Designed to Win: Oakley Technology Showcased at London Design Museum, Celebrated As Revolutionary Design For Sport Through History


More than 600 patents in technology and design. Countless man hours in research, development and engineering. Absolute science wrapped in art.

A Formula 1 racecar? Maybe a revolutionary performance bicycle? Think again.

To the average consumer, it’s not completely apparent – at first – that when glancing upon a pair of Oakley eyewear, they’re looking at a true technological innovation.

And when visiting Oakley’s stunning Safehouse for its 700+ athletes competing in the Summer Games, just one floor below in the London Design Museum’s basement, it would surprise even more people to find Oakley’s creations displayed alongside some of the most revolutionary creations for sports performance throughout history.

As a part of the museum’s “Designed to Win” exhibit, which explores ways in which design has shaped the sporting world (coinciding with London’s biggest year of sport), Oakley’s sparsely-acknowledged contributions are stunningly revealed.

“When you come in here and look at all the different uniforms and kits that the athletes use, you also get a really good sense of how much application we have for our product in sport,” said Ryan Calilung, Design Engineer at Oakley.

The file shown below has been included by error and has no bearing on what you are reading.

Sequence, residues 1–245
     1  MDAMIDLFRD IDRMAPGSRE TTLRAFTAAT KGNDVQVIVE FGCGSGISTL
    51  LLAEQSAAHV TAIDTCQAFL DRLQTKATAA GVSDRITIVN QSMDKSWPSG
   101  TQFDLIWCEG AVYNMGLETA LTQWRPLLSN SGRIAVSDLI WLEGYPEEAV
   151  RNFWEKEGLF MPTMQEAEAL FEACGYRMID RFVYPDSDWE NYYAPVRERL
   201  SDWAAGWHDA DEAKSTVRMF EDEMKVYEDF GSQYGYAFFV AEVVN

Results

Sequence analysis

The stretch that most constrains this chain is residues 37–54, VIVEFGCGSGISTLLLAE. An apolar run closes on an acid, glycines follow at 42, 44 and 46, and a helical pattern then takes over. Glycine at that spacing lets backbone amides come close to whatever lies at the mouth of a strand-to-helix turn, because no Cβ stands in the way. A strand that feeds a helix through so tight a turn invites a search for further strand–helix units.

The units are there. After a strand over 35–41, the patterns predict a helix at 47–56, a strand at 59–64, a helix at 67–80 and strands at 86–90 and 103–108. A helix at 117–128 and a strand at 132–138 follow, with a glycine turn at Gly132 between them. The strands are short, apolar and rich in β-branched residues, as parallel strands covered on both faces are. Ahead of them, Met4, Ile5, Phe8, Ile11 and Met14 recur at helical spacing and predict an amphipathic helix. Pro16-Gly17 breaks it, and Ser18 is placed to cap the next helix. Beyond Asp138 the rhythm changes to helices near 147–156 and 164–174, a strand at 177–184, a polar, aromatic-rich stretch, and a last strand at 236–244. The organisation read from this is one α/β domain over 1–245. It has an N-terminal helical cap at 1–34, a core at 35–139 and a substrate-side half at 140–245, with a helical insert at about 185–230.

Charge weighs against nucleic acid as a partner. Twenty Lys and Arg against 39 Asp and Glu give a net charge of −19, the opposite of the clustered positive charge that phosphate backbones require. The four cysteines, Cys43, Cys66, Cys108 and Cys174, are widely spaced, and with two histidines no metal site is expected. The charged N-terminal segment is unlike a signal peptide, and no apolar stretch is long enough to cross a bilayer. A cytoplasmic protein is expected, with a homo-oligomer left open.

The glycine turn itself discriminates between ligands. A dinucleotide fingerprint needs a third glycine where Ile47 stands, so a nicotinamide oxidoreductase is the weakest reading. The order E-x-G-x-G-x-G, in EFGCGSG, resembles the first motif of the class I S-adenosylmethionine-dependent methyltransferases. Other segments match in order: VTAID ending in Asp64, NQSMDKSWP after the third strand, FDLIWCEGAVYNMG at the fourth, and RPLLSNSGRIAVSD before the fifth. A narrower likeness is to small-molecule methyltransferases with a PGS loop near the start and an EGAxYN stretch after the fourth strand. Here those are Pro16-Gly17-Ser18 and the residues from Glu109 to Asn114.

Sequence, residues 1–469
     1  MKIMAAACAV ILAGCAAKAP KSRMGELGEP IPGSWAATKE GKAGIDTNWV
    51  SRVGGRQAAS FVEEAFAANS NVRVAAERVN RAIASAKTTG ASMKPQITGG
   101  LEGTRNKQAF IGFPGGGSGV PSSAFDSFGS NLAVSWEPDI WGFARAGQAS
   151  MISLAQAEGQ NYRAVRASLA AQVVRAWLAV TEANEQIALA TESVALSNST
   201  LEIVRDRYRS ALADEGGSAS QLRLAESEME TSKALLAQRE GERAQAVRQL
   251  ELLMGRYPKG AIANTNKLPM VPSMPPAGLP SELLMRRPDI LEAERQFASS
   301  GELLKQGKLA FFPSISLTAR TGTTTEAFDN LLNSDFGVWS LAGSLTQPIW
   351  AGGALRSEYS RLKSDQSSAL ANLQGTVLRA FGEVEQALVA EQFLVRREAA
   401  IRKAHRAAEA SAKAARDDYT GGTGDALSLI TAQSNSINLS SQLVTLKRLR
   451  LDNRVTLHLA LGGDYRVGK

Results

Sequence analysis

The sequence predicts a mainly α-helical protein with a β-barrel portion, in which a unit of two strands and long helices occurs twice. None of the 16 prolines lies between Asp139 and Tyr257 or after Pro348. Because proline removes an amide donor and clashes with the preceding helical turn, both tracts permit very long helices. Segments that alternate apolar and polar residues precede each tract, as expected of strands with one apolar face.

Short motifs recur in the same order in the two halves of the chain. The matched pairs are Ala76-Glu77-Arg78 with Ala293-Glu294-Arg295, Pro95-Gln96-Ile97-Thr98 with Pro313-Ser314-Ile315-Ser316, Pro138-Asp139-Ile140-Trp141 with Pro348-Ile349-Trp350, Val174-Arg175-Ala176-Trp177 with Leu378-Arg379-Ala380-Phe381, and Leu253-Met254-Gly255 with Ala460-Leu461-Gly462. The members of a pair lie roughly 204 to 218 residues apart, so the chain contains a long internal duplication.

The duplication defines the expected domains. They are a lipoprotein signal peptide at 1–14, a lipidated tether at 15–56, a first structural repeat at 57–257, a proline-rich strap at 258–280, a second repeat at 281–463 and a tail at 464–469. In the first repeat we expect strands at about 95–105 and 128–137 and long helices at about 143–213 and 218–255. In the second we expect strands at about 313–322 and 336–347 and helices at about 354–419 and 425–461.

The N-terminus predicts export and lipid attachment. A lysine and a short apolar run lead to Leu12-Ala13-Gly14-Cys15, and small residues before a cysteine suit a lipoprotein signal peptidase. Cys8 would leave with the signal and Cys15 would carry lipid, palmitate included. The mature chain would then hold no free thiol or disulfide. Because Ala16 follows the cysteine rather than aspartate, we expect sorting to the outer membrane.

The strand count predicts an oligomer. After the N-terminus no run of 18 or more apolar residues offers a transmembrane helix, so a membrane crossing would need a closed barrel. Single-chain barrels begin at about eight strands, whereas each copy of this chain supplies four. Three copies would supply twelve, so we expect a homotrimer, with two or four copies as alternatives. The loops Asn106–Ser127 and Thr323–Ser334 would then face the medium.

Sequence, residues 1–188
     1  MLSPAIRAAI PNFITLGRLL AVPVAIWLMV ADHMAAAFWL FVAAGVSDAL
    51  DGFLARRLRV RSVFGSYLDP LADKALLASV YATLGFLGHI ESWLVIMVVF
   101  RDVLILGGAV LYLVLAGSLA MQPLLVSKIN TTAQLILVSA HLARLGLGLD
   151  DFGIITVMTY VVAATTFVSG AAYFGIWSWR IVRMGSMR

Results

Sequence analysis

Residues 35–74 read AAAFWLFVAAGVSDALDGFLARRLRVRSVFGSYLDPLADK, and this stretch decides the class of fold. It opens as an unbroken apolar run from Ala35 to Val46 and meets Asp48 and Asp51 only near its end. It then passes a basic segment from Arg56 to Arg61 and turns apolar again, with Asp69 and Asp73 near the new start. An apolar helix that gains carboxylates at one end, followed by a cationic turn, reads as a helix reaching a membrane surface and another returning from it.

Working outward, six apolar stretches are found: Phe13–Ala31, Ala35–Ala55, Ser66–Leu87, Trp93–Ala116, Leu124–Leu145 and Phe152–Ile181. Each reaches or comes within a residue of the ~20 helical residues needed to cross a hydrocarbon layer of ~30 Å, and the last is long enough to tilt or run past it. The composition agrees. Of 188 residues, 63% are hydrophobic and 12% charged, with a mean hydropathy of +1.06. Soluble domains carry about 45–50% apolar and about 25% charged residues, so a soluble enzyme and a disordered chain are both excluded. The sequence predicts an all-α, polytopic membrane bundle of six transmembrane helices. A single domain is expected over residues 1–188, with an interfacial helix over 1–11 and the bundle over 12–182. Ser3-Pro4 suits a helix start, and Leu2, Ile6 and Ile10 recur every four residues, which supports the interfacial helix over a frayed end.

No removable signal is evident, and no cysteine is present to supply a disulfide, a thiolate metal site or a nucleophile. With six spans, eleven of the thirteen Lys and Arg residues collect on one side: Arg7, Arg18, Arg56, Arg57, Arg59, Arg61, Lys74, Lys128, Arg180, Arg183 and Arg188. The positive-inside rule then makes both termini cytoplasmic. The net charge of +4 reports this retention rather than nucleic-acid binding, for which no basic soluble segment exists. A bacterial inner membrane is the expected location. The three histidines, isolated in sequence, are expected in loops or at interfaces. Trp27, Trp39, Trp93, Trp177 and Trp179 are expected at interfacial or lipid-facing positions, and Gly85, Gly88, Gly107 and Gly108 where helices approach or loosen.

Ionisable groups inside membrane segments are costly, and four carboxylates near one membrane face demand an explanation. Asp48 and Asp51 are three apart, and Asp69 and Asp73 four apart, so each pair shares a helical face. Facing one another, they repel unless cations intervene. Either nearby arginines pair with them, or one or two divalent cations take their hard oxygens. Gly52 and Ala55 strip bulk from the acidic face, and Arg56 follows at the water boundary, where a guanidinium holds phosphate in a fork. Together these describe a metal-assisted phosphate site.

From the revolutionary Oakley Eyeshade, which was the first-ever piece of legitimate protective eyewear designed for athletes in 1984 (athletes up to that point used glass, putting their eyes at risk during a crash or fall); the Oakley Airbrake Goggle (revolutionary Switchlock Technology™); the evolution of bikes as used by Oakley athletes in history (from Mountain Biking to Cycling); Oakley technical outerwear for snowboarders/skiers; to the newly debuted Oakley Radarlock Path eyewear (also Switchlock Technology™), the extreme development of materials, processes and technologies by O engineers over time, is in glorious display.

Alongside true marvels like the Audi R18 E-tron Quattro (Formula 1), the Lotus Type 108 Olympic Pursuit Bike (created in 1992) and much more, visitors’ eyes are opened, literally, to the amount of dedication, sacrifice and drive that Oakley engineers/designers have dedicated to ensure the optimal performance of our team athletes through their equipment.

It’s then that one may truly appreciate the extreme thought placed behind each and every product and creation.

From the patented Unobtanium® materials created in 1975 for Oakley’s first-ever gear piece, the Oakley BMX/Motocross Grip – now used in O performance eyewear and gear (only rubber-like substance to increase grip when in contact with sweat); patented Plutonite® lens materials, providing unrivaled impact protection and blocking of all ultraviolet/blue light rays inherently (even without tint); OMatter® frame construction material and patented three-point construction (flexibility, durability, impact absorption, optical alignment); and other technologies used in every piece of eyewear that literally can’t be imitated or reproduced, so much has gone into Oakley’s creations for the benefit of our athletes…So much more, in the most intense sense, than can be realized just by looking by a beautiful, stylish piece of eyewear.

But for those lucky enough to experience the Oakley Safehouse and the glorious London Design Museum below during the Games, it will become a known fact…a resounding fact…that some of the best athletes on this Planet trust Oakley for their protection and their performance for one reason: pure science beyond reason.

Video Tour:


Andrew De Lara


July 28, 2012